That line has stuck in my head ever since I first read it as a kid. I remember feeling a little thrill that this author I’d never met understood and didn’t underestimate me. And it still pops into my head from time to time, particularly when I’m faced with tiresome, yet prevalent YA snobs. There are those who don’t read young adult literature because it’s not their cup of tea and that’s fine. Although I maintain that the designation “YA” is a bit of a horse of a different color when it comes to genres. YA can (and does) cover the whole gauntlet. You can walk into any bookstore, locate the YA section, and have at your fingertips historicals, paranormals, romances, mysteries, science fiction, fantasy, contemporary, steampunk, poetry, fairy tales, myths, and biographies. You name it, it’s there. So saying you don’t read YA is essentially saying you don’t like to read stories in which the protagonist is a young adult because that is the only trait they all share. And that’s fine. Just so we’re clear on the reasons. Because there are also those who do not read young adult literature because they believe it’s “just for kids.” Because they believe that when you reach a certain age you naturally graduate to the “real” books. And that once you make that defining leap you will never go back. To do so would, in fact, be embarrassing. And, really, why would you? Why would you read or care about characters who haven’t yet made that transition.
Because you would be missing out.
Some of the smartest, wittiest, most sophisticated writers I’ve encountered write young adult novels. I read and blog about young adult literature because it always surprises me. It’s not constrained by conventions but can be anything at all. Anything you need or want it to be. There are no rules.
A Few Classics
A dystopian novel told through the eyes of fifteen-year-old Daisy who is transplanted from her native NYC to England. Written in beautiful, arresting prose.
The story of a girl who switches places with her twin brother and goes to court disguised as a boy to learn to be a knight. Ms. Pierce at her very best.
Vietnam war historical about a nurse named Rebecca who enlists in the Army only to return home unsure of where she fits in anymore. Finest kind.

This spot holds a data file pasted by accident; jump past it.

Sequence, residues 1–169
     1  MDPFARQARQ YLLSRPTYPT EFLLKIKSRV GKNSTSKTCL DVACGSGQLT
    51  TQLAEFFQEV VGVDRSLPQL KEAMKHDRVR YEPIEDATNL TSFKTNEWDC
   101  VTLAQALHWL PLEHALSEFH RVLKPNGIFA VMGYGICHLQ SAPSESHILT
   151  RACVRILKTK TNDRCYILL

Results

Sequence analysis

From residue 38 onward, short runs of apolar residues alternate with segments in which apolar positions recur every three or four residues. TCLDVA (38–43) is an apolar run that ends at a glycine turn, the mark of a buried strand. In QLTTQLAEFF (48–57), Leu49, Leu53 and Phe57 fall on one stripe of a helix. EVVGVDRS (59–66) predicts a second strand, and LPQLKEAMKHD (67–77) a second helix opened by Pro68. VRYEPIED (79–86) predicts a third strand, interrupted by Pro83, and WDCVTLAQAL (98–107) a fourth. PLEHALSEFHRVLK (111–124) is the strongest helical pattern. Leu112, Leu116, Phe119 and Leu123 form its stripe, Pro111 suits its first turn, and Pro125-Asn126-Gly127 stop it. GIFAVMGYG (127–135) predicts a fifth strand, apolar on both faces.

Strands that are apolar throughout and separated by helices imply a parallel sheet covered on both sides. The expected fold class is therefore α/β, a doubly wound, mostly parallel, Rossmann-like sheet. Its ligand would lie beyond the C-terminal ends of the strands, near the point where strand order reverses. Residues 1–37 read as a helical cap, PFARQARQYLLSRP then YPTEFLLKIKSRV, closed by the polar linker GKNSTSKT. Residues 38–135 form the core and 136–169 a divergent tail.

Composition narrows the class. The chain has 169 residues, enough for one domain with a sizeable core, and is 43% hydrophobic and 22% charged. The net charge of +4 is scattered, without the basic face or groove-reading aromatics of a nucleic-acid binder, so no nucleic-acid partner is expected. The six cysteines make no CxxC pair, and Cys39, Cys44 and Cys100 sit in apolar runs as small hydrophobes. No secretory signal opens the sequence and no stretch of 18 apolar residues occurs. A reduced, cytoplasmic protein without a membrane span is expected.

The thief Eugenides can steal anything. But when he becomes caught between three countries on the brink of war, his abilities and loyalties are put to the ultimate test. I have a hunch you’re going to be hearing more about this one…
A Few Recent Favorites
Knotty and painful, this complicated Australia epic is absolutely gorgeous. Give it 100 pages and I guarantee you’ll hold your breath for the duration.
A mildly autistic boy reluctantly spends the summer working in the copyroom at his father’s law firm. His slowly developing friendship with his co-worker Jasmine is the highlight of this quiet, lovely book.
Janie can’t sleep. Every time she does she is sucked into other people’s dreams and sometimes they ask her for help. Told in third person present tense, McMann’s short, terse sentences pack a punch.
Perfectly predictable, perfectly addicting modern West Side Story. Could not put it down. All the way up to the perfectly sappy ending.
A Few to Look Forward To
The mind blowingly awesome prequel to Graceling.
You can read my spoiler-free review here
. Trust me, you do NOT want to miss this one. Cashore brings it. Due out October 5th.
Ms. Peterfreund’s YA debut. Virgin descendents of Alexander the Great train for battle against killer unicorns not of the rainbow or sparkly variety. Really, how can you not want to check that book out? Dut out August 25th.
A modern day retelling of Beauty and the Beast in which the “Beast” is a young boy with hooks for hands. I am always up for a retelling of one of my favorite fairy tales and I am just really in love with that cover. Due out September 7th.
Got a hankering for a little steampunk? Scott Westerfeld
fame) has the first in a steampunk trilogy coming out October 6th. I have a good feeling about this one.
Last but SO not least, the fourth book in the Queen’s Thief series and easily my most anticipated book of the coming year. Turner’s books are eminently re-readable and I am literally vibrating with my need to get a hold of this one. Due out March 23rd.
Thanks for having me, Smugs! It’s a treat to be here and celebrate Young Adult Appreciation Month with you guys.